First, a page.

Recognizing territorial vulnerabilities to Zika virus: a participatory health education model




Health promotion, Community Participation, Health Education, Zika Virus, Qualitative Research


INTRODUCTION: Considering that the engagement of the population in the control of arboviruses should not be restricted to care to avoid domestic foci of the Aedes aegypti, health education initiatives must approach the social health determinants in the territories. OBJETIVE: To describe a proposal for a pedagogical model aimed at community participation in recognizing vulnerabilities to the Zika virus and the main results of its application. METHODS: Based on Paulo Freire’s critical-problematizing pedagogy and within the framework of vulnerability and human rights, a workshop model was developed and applied in participatory research to train community health workers to diagnose local vulnerabilities to the Zika virus in a community of Rio de Janeiro, Brazil. Four 20-hour workshops were held in weekly meetings with 38 participants. It included activities involving territory mapping, experiences with the virus, and identifying community spaces vulnerable to the proliferation of mosquitos. RESULTS: The proposed pedagogical model identified territorial spaces vulnerable to the proliferation of mosquitoes that do not depend only on the will or behavior of its residents. These aspects are conditioned to social contexts that express the tense relationship between residents, the State, and drug traffickers with a vital power relationship in the territory. CONCLUSIONS: By transcending the traditional vertical health education model, the proposed participatory method was sensitive and timely to capture the participants’ deep knowledge of the territory of residence, not only to identify mosquito foci but, above all, understanding multiple vulnerability determinations.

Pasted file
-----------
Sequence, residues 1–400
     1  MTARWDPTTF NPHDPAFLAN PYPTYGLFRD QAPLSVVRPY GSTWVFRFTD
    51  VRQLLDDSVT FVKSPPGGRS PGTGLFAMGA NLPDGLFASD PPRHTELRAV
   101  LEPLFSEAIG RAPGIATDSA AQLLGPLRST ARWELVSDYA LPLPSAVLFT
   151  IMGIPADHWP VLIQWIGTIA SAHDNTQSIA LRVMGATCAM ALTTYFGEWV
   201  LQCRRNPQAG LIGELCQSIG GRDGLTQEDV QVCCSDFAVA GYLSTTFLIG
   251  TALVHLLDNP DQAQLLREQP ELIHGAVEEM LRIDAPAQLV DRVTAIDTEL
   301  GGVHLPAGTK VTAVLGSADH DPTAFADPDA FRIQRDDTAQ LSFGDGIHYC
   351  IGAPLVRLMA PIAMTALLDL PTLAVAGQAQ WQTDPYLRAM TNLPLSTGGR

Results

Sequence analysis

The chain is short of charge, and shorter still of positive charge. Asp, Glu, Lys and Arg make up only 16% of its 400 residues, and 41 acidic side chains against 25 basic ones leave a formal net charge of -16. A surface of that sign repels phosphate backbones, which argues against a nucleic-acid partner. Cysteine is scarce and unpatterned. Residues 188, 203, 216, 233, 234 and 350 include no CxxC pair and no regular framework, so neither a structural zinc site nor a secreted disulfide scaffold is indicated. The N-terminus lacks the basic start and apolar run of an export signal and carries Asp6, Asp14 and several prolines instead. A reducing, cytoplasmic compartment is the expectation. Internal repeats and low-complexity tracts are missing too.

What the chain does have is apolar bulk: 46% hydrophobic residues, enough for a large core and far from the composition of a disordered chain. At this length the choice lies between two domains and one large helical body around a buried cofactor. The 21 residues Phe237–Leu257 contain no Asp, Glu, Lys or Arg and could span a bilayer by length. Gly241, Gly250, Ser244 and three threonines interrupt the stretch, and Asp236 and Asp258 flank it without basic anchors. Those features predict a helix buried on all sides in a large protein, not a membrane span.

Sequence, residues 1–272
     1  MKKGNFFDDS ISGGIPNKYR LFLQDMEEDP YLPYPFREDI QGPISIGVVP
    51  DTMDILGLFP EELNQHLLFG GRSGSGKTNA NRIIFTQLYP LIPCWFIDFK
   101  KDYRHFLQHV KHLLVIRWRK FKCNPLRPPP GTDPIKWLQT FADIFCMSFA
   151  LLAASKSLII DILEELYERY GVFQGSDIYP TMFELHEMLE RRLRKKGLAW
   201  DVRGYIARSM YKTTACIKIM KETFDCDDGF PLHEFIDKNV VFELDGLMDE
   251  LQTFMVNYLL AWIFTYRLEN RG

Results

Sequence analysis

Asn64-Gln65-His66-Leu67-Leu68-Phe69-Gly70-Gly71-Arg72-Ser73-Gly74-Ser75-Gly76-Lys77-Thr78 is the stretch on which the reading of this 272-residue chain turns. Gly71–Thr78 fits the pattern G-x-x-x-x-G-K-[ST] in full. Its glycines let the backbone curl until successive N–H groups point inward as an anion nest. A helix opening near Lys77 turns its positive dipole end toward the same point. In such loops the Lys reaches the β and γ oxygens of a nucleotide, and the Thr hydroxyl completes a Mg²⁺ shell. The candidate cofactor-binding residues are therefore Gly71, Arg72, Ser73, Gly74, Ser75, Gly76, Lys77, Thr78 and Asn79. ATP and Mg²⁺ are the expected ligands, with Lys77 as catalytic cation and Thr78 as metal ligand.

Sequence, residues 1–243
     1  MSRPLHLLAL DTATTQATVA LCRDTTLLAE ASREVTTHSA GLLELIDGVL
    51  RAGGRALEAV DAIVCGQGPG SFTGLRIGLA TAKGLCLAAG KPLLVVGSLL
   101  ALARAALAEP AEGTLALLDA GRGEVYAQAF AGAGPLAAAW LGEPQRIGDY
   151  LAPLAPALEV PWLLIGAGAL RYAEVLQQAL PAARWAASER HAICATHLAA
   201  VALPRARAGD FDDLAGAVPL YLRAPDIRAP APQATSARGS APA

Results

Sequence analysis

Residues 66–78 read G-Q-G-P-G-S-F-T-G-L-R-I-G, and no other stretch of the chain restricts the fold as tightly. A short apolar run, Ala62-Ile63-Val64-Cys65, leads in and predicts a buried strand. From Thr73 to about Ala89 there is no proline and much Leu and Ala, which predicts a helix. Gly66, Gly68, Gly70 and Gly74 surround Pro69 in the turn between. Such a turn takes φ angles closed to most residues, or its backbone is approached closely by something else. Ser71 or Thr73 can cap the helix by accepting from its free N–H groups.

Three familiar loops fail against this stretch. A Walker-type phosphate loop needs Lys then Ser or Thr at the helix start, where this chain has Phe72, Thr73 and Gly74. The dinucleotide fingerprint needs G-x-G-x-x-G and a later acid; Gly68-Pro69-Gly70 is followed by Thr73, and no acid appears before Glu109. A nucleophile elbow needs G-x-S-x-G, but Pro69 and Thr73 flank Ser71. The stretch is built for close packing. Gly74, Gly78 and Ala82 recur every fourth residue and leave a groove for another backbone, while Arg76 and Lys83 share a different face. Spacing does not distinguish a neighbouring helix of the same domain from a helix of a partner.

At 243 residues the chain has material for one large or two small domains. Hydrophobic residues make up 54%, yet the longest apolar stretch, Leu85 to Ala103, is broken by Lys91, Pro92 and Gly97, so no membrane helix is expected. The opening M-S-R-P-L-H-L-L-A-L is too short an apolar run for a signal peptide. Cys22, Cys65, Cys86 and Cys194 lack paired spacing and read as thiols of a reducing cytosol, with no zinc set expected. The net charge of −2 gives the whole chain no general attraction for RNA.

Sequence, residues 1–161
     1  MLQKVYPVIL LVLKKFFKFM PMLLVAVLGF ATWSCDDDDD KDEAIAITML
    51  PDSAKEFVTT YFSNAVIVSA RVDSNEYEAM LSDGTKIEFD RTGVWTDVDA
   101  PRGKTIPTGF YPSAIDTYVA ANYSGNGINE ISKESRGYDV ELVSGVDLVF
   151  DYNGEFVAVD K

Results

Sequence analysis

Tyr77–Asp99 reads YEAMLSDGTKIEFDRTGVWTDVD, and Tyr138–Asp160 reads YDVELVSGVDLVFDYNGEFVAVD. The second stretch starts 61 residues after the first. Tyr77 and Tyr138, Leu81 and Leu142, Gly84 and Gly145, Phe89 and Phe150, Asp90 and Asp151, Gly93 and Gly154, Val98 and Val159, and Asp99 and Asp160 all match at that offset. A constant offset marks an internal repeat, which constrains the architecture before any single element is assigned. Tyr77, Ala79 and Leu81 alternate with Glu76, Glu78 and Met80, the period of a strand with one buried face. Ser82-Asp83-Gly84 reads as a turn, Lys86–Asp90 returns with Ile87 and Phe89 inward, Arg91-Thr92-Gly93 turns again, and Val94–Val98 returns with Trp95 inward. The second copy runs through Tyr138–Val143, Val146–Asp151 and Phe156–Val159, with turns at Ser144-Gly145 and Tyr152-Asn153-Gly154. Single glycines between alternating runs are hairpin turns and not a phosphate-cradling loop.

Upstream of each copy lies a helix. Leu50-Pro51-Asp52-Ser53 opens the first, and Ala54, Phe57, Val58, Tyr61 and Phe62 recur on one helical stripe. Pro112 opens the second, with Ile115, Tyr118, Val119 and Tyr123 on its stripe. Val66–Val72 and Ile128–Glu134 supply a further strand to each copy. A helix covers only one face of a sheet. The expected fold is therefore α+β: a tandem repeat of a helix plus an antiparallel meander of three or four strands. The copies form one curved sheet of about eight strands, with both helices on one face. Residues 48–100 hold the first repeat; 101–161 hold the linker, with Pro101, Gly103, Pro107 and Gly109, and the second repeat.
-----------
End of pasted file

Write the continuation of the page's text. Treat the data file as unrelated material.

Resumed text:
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How to Cite

Paro, C. A., & e Silva, N. E. K. (2022). Recognizing territorial vulnerabilities to Zika virus: a participatory health education model . International Journal of Education and Health, 6, e4392.



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